Dow Drops Nearly 400 Points as Apple Leads Tech Rout

Dow Drops Nearly 400 Points as Apple Leads Tech Rout

Dow Drops Nearly 400 Points as Apple Leads Tech Rout

The S&P 500 fell 48 points, or 1.8 percent, to 2,641.

Benchmark U.S. crude reversed an early loss and rose 0.5 percent to $56.76 a barrel in NY. The Nasdaq composite rose 80 points, or 1.1 percent, to 6,988.

The Nasdaq is down 339.05 points, or 4.7 percent.

The slide weighed down tech stocks in general, which have been tumbling over the past month.

Investors are measuring a number of headwinds and increasingly playing it safe.

The selloff began with tech stocks including Apple, Amazon and Alphabet, the parent company of Google, but quickly spread to other sectors such as energy, retail and telecommunications. Apple fell 4 percent to $185.86 on renewed worries that iPhone sales could slow, Microsoft lost 3.4 percent to $104.62 and Amazon gave back 5.1 percent to close at $1,512.29. Brent crude, used to price worldwide oils, fell 24 cents to $66.55 per barrel in London. Hong Kong's Hang Seng retreated 1.3 percent to 26,023.02 and Seoul's Kospi shed 0.7 percent to 2,086.50. Oil prices were little changed Monday, but they've nosedived since early October. But after that increase in production, the administration granted waivers to several countries that allowed them to keep importing more oil from Iran.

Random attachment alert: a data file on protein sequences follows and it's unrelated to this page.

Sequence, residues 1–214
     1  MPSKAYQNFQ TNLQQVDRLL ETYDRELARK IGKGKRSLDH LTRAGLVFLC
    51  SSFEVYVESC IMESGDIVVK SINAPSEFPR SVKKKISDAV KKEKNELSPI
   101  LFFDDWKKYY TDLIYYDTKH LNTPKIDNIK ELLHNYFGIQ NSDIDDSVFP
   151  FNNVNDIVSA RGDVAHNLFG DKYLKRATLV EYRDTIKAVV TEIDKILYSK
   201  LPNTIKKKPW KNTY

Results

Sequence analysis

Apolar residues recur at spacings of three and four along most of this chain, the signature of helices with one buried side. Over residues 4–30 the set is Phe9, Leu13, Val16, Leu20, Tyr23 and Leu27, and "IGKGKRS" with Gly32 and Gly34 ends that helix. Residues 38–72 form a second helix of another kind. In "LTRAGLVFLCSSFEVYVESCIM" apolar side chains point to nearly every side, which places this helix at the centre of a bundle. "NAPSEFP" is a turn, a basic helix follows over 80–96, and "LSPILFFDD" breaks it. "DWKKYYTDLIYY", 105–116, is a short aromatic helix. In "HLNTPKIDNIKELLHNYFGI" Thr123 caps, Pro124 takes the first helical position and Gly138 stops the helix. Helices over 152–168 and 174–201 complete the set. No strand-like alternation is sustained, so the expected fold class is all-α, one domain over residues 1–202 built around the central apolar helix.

Bond prices fell. The yield on the 10-year Treasury note rose to 3.07 percent.

European indexes fell, with Germany's DAX index dropping 1.6 percent.

Facebook shares, which have sold off sharply in recent days, actually rose a half of a percentage point in the first hour of trading.

The Dow Jones Industrial Average lost 53 points, or 0.2 percent, to 25,365. The scandal threw into question Ghosn's future as leader of the Renault-Nissan-Mitsubishi alliance, which sold 10.6 million cars past year, more than any other manufacturer.

Stocks sank Monday as investors focused on simmering trade tension between Washington and Beijing after the two governments clashed at a weekend conference. In Paris, shares of Nissan's partner Renault dropped 8.4 percent.

"Since the mid to end September, a lot of investors have been anxious that there are issues that are going to prevent some big technology shares from making money in the future", Schlesinger said, adding that the decline in stocks doesn't mean we've entered a recession.

So far, the United States has slapped tariffs on $250 billion worth of Chinese goods, about half the value of US imports from the country.

Presidents Trump and Chinese President Xi Jinping are set to meet next week at the G20 summit in Argentina, but a breakthrough in the trade standoff is not expected.

CURRENCY: The dollar edged up to 112.59 yen from Monday's 112.53 yen.

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